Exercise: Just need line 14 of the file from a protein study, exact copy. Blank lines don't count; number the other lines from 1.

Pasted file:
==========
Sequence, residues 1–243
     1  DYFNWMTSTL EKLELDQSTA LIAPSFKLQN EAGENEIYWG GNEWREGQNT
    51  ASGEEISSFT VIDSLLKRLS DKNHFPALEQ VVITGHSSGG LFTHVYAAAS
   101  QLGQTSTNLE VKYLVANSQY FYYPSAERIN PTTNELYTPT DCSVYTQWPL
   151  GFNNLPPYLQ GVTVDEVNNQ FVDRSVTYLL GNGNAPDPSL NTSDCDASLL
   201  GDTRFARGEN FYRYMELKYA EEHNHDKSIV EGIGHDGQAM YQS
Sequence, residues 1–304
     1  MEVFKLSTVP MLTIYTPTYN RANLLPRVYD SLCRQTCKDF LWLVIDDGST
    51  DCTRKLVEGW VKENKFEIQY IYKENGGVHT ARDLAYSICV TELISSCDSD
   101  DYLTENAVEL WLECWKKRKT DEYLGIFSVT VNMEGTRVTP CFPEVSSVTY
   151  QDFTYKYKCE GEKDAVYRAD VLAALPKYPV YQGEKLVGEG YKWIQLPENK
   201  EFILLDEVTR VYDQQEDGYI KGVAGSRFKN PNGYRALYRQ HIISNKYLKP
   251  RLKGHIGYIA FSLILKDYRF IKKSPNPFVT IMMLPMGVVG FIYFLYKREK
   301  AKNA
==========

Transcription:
   301  AKNA